Dem rep says her constituents were 'very pained' by Omar comments

Rep. Yvette ClarkeYvette Diane ClarkeHere are the 95 Democrats who voted to support impeachment The Hill's Morning Report — Trump retreats on census citizenship question CBC lawmakers rip Justice Democrats for targeting black lawmakers for primaries MORE (D-N.Y.) on Friday told Hill.TV that her constituents were hurt by recent comments from Rep. Ilhan OmarIlhan OmarMerkel backs Democratic congresswomen over Trump ESPN host Dan Le Batard tears into Trump, as well as his own network, for 'cowardly' no-politics policy Biden leads, Warren and Sanders tied for second in new poll MORE (D-Minn.), which some have said were anti-Semitic.  

"I represent the 9th Congressional District of New York in central Brooklyn, and I can say to you unequivocally that my constituents felt and know the pain of anti-Semitism," Clarke told hosts Krystal Ball and Buck Sexton on "Rising." 

"They overwhelmingly informed me of the comments of my colleague, and felt very pained by it," she continued. "If anyone feels aggrieved, feels as though they're under threat, it is all of our responsibility to make sure that we stand in the gap and say that anti-Semitism under any circumstances is totally unacceptable, that we push back on it."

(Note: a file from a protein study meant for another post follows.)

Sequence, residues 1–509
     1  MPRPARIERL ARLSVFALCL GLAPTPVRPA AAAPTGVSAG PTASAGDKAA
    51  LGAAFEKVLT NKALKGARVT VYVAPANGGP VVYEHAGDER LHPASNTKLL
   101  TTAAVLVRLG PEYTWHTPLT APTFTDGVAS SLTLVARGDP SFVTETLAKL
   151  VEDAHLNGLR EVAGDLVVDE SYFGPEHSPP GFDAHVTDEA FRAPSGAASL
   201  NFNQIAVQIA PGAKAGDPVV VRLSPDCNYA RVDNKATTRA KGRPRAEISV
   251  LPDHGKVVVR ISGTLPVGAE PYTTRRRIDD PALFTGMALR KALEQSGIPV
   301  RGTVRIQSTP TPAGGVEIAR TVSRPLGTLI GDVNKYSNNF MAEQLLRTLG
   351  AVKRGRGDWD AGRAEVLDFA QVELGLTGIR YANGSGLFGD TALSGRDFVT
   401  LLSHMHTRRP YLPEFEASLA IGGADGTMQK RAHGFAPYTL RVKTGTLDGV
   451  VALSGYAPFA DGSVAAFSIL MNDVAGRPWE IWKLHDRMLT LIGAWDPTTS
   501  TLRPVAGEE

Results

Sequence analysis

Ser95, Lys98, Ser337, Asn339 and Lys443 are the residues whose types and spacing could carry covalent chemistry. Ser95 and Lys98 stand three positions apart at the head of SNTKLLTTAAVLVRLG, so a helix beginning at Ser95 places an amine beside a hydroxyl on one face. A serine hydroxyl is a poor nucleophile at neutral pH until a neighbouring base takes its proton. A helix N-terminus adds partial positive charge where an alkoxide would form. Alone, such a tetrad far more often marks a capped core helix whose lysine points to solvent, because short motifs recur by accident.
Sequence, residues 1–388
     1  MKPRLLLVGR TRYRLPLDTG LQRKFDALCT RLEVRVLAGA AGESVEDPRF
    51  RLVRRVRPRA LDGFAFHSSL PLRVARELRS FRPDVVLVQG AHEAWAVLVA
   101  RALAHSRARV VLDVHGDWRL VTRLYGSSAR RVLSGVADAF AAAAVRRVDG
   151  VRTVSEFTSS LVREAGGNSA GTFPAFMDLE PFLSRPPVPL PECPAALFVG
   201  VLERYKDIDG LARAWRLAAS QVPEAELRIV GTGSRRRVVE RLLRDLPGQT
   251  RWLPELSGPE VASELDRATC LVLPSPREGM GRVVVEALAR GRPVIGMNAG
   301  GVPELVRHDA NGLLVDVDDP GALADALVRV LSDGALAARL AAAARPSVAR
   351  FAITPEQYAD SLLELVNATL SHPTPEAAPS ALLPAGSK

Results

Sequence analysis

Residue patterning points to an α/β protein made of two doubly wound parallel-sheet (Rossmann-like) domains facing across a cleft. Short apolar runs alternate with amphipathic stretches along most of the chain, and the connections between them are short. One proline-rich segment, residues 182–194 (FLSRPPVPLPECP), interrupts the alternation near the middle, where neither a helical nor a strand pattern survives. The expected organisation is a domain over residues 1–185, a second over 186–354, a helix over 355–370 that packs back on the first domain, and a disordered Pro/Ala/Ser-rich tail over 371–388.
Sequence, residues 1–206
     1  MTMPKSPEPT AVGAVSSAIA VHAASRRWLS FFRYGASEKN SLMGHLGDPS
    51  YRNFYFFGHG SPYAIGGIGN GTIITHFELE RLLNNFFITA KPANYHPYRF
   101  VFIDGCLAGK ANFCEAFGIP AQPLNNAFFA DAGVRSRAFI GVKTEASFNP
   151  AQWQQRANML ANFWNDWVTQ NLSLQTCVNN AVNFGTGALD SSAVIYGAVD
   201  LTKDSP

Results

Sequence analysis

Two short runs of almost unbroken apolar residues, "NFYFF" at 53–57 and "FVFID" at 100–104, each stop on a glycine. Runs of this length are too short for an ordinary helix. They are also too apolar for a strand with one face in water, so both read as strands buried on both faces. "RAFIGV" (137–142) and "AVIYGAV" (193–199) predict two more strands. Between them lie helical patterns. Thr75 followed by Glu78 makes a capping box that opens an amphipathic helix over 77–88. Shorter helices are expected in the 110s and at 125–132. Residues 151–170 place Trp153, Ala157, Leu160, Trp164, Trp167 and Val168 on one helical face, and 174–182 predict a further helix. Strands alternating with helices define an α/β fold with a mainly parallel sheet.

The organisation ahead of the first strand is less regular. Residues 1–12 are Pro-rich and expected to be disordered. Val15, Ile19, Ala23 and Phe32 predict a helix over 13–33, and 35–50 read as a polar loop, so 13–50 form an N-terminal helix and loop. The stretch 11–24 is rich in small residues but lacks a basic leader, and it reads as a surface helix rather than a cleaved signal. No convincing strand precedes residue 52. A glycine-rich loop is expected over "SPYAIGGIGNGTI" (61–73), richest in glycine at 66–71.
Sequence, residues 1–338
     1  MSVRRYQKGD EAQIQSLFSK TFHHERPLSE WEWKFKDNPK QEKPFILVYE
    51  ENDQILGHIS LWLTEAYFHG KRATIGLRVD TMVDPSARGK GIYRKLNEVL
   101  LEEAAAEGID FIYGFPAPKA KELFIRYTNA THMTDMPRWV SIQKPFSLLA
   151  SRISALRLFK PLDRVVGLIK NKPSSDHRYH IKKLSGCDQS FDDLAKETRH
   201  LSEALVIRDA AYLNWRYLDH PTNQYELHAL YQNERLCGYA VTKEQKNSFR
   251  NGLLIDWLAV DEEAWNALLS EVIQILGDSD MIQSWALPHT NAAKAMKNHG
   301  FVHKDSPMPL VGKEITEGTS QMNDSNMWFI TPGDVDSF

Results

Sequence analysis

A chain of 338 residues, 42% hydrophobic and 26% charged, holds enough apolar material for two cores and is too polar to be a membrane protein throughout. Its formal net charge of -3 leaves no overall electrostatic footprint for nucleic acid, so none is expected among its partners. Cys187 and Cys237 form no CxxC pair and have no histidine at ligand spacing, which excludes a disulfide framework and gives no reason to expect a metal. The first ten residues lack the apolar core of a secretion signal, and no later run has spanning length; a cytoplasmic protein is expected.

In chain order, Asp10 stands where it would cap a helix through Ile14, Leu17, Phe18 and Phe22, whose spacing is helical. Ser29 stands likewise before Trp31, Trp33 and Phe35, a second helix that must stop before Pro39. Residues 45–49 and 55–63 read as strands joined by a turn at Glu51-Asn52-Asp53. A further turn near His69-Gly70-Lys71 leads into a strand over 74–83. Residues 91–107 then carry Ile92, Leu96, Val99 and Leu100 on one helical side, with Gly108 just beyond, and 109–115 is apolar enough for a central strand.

"My district right now is struggling with acts of anti-Semitism, individuals being attacked. There are swastikas showing up in communities where Jewish families are living, and it's all a reminder that we must be vigilant," she said. 

Omar came under fire earlier this month when she appeared to question whether people advocating for Israel were more loyal to that country than the U.S. 

The comments drew widespread backlash from Republicans and some Democrats, leading to demands for a House resolution condemning anti-Semitism.

The final resolution passed late on Thursday was broader in scope and condemned "anti-Semitism, Islamophobia, racism, and other forms of bigotry." 

Many Democrats argued the resolution needed to encompass all forms of hatred; however, 23 Republicans voted against the measure, saying it was watered down and didn't directly address anti-Semitism. 

"There are other issues that are addressed in our resolution yesterday around hatred of any kind, bigotry of any kind, and I agree with that as well," Clarke said. "We have a civil society that's growing increasingly diverse, and because of the climate that I believe has been allowed to gather particularly under this administration, the deafening silence of Donald TrumpDonald John TrumpCould Donald Trump and Boris Johnson be this generation's Reagan-Thatcher? Merkel backs Democratic congresswomen over Trump How China's currency manipulation cheats America on trade MORE in the wake of incidents like Charlottesville, has given license to those who have hatred in their hearts to act upon it." 

— Julia Manchester